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Work almost completed on new, state-of-the-art Lee County jail

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DIXON, Ill. (WTVO) — A little more than a year after breaking ground on a roughly $17 million Law Enforcement Center, Lee County police will soon be moving into their new facility.

The hard work is done and some cosmetic details are all that’s left.

Lee County Sheriff John Simonton says he’s more than ready for the new building, located at 280 E. Progress Drive.

“You see the smile on my face right now? I am very excited!” he said.

Simonton couldn’t wait to show off the county’s new 36,000 square foot Law Enforcement Center, something he says has been desperately needed for years.

Lee County Jail Superintendent Jack Skrogstad agrees. “Well, I would say, ever since I started, back in 1989, that’s when we needed it.”

The new facility has larger blocks to keep inmates separated, and instead of paying for females to be housed in other counties, the new jail has room for female inmates, which will save the county about $1 million a year.

“Now, we can meet the standards from a liability standpoint,” Simonton said. “So, we couldn’t meet the standards in the jail before, as far as housing inmates securely, doing the things we need to do by the Illinois Department of Corrections standards.”

While keeping the inmates safe is a key priority, the facility will also protect those who work there.

“[We’ll be able to] properly detain and lock up inmates and properly provide a better safety environment for the employees,” Skrogstad said.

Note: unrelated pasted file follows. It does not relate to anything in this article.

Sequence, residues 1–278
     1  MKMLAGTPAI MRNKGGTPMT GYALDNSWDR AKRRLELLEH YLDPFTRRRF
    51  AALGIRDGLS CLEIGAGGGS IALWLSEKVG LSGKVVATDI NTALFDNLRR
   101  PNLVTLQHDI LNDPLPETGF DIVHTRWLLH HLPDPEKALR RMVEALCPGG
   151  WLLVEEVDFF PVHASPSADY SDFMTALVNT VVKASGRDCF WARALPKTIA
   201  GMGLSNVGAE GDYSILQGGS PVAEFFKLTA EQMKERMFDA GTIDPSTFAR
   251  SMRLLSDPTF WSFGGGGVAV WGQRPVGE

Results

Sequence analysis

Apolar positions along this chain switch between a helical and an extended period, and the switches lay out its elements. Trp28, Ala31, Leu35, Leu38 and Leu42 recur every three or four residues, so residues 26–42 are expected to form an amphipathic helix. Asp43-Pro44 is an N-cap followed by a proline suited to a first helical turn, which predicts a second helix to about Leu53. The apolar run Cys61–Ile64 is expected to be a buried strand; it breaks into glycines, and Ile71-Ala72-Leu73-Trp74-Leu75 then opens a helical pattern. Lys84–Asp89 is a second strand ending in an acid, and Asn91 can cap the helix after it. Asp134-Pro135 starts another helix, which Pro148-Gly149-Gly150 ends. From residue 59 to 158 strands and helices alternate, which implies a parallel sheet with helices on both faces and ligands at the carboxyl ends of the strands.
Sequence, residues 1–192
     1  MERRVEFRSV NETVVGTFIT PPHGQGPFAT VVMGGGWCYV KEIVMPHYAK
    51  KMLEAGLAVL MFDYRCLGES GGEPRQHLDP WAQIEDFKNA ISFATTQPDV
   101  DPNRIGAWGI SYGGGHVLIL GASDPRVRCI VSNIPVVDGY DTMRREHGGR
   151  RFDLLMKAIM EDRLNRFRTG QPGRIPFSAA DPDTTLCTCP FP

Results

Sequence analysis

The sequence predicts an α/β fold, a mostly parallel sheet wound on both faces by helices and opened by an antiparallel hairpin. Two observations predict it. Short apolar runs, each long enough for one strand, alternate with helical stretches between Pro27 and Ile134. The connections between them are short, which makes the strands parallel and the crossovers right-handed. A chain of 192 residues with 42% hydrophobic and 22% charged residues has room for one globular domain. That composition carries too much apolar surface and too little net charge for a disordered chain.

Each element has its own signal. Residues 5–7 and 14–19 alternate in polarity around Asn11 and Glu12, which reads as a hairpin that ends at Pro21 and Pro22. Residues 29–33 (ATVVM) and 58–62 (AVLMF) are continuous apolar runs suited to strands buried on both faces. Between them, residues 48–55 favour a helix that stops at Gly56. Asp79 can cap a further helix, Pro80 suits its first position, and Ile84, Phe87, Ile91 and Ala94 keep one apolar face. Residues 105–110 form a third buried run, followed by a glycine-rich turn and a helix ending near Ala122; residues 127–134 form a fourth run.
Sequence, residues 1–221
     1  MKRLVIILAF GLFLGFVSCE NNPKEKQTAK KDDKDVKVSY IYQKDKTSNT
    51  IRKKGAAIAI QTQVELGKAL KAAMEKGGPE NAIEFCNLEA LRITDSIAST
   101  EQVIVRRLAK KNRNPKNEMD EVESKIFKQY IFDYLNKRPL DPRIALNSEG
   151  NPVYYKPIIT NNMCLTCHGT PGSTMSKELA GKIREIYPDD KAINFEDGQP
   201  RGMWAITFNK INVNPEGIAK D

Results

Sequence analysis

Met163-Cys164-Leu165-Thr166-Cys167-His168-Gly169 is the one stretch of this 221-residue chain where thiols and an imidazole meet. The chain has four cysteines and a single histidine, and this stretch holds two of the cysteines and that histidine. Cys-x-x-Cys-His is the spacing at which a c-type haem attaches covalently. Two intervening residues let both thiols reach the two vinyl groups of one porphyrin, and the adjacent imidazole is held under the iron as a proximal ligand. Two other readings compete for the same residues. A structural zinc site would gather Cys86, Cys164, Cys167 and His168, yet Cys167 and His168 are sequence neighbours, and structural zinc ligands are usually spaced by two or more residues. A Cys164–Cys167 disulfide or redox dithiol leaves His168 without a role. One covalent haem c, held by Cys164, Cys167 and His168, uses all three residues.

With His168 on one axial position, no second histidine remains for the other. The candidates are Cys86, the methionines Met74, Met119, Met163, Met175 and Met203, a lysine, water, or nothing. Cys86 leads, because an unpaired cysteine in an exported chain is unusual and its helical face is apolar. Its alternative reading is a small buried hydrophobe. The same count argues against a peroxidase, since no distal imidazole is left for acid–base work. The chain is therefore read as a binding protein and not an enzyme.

The new jail will have its own medical room and a multi-purpose room for things like a library and a chapel.

The state-of-the-art building also has some technology upgrades: family members can visit with inmates remotely, without leaving their homes, by downloading an app on their phone or tablet.

“So, the inmate can speak to their family member at different times of the day or even the evening, and not have to worry about coming in during regular visiting hours, Saturday, Sunday, on the weekends, for two and a half hours and having a 15 minute visit,” Simonton said.

Inmates may be moving into the new jail sooner than expected.

“We had the official groundbreaking August 1st of last year,” said Ringland and Johnson construction superintendent Tim Daley said. “We’ll have substantial completion at the end of this month, so we’re a little over a year. We’re going to come in at budget and we’re going to finish three months early.”

Officials still need to make sure everything is working correctly, and then the inmates could be moved over by late October or November.

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